This excerpt is taken from American Academy Fellow Thomas C. Holt's book The Problem of Race in the 21st Century, in which he first raised the question of whether the realistic prospect of an African American president might necessitate re-thinking our ideas about race and racism. Professor Holt's reflections on the consequences of the potential candidacy of an African American, Colin Powell, eight years ago are remarkably applicable to the present day. He argues that racial ideas and practices have always been contingent on broad historical context rather than being fixed, and thus progress and regression can coexist.
At the dawn of the twentieth century, W. E. B. Du Bois made a prediction that remains astonishing in its perceptiveness and relevance: "The problem of the twentieth century is the problem of the color-line – the relations of the darker to the lighter races of men in Asia and Africa, in America and the islands of the sea." And indeed issues of group difference – and especially racialized differences – have informed most of the major conflicts of the century.
Du Bois' prophecy was necessarily based largely on the nineteenth-century world in which he was born and came of age – a world of colonialism and imperialism, crude labor exploitation, the rise of virulent racist ideologies, and lynching. Given our understanding of the world in which we have come of age and our reading of our future on the basis of our present existence, what kind of role can we predict that race will play in the future? And if we are unable to offer such an analysis, what does that very inability suggest about our confidence in that future? What does it suggest about our ability to plot a course of resistance and reformation? What is our ability to imagine solutions? Will the concepts and tools we have developed for understanding the racism of the nineteenth and twentieth centuries be adequate for the twenty-first? Should we even expect them to be?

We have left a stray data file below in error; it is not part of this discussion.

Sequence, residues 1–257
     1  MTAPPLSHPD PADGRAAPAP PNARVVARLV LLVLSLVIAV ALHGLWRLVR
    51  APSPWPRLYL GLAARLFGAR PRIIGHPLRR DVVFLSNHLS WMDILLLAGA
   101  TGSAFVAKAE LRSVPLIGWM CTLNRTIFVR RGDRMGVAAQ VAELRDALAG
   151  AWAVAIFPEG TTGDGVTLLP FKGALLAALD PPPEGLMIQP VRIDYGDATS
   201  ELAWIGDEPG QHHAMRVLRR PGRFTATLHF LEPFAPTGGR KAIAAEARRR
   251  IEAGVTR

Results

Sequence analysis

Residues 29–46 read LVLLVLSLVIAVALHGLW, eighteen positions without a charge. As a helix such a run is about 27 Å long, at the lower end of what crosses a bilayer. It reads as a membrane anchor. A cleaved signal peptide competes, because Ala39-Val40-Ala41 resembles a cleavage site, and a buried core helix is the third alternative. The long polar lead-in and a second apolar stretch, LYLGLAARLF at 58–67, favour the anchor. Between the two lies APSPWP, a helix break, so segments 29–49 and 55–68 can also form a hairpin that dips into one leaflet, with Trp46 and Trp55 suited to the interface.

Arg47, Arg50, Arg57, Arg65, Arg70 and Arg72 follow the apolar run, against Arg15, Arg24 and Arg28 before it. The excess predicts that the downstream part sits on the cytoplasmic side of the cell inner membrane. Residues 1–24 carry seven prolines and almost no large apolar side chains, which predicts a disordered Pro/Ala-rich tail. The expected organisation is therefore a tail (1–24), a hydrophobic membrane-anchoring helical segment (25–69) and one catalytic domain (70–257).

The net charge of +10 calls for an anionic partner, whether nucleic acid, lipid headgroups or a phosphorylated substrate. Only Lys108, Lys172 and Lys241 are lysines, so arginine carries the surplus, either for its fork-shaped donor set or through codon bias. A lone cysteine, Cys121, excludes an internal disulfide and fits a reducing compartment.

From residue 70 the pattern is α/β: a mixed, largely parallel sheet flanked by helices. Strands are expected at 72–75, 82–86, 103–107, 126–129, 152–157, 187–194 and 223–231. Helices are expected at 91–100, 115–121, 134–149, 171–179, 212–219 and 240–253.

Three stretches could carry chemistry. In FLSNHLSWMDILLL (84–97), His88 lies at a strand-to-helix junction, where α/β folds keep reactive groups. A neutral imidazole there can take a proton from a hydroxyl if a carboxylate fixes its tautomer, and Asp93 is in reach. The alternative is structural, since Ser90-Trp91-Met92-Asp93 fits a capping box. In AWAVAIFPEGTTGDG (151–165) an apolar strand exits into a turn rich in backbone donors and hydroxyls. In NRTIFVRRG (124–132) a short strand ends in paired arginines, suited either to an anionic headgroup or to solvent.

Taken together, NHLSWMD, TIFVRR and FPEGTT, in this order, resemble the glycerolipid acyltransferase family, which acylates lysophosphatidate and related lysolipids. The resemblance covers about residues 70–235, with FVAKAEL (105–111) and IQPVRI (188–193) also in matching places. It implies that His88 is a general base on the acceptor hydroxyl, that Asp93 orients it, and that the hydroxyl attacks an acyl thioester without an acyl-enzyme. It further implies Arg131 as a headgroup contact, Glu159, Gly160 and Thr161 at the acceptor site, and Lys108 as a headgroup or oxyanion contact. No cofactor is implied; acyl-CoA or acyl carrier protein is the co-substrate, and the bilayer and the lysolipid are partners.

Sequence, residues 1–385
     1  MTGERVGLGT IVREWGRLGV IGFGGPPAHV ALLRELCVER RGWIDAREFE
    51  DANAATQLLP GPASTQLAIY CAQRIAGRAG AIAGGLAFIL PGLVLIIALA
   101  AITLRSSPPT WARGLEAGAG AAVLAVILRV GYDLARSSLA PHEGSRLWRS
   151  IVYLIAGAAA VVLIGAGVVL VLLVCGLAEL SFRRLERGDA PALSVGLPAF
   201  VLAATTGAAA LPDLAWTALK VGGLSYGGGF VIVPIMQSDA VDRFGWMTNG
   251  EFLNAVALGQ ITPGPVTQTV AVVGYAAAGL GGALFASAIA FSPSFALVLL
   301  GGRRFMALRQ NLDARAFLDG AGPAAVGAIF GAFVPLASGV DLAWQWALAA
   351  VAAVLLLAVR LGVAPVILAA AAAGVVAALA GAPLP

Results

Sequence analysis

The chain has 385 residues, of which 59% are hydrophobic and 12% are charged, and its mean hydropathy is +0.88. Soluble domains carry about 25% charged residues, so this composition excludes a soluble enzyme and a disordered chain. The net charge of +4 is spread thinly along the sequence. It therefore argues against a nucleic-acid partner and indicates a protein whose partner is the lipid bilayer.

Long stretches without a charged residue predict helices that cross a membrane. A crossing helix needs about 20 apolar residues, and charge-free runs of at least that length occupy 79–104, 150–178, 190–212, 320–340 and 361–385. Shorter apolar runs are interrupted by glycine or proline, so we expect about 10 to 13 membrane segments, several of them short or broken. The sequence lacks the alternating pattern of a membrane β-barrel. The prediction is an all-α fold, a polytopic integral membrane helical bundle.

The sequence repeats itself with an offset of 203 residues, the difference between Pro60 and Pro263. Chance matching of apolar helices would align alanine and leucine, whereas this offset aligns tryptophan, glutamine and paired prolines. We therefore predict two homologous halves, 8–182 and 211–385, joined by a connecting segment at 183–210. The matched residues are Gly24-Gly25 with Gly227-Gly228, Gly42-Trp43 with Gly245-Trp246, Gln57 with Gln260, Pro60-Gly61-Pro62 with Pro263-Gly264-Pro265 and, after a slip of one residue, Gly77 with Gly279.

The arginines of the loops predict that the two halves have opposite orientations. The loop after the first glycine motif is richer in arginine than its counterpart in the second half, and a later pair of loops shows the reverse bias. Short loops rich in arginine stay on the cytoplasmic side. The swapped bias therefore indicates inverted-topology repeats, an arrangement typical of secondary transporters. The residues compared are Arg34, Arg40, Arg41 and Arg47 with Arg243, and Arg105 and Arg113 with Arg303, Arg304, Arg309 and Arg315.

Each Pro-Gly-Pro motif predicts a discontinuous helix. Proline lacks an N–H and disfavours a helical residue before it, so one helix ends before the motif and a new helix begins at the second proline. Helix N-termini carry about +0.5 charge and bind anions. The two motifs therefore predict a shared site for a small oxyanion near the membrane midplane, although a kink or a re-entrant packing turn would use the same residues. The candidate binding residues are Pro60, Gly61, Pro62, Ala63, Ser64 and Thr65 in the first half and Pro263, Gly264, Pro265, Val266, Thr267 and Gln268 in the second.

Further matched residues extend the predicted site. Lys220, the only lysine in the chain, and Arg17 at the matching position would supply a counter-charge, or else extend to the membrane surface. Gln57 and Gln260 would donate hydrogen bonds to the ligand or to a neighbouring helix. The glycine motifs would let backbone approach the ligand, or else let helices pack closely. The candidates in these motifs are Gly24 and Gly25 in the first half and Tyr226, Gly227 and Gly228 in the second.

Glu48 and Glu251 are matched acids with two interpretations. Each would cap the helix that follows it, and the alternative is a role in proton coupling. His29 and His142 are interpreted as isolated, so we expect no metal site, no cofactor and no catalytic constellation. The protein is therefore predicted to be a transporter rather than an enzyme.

In popular and academic discourse, racism is conventionally understood to refer to the hostility one group feels toward another on the basis of the alleged biological and/or cultural inferiority of that other. Among its manifestations are exploitation of the labor and/or property of that other (as in slavery and colonialism), exclusion of that other from participation in public life and institutions (as in segregation and disfranchisement), and massive physical violence against that other (as in lynching). There is no doubt that all these phenomena continue to characterize relations among racialized groups in America and elsewhere. However, such phenomena do not capture all aspects of the contemporary situation and, more importantly, may miss significant changes under way. There are new anomalies, new ambiguities, and a new ambivalence in contemporary life that our standard definitions of race and racism simply cannot account for, and which even render them somewhat anachronistic.
For example, not long ago Colin Powell was seriously and credibly considered a viable Republican challenger for the presidency. And yet, even while speculation about whether a former military officer of the highest rank would run for president was most intense, other members of that same military brutally murdered a black couple in North Carolina.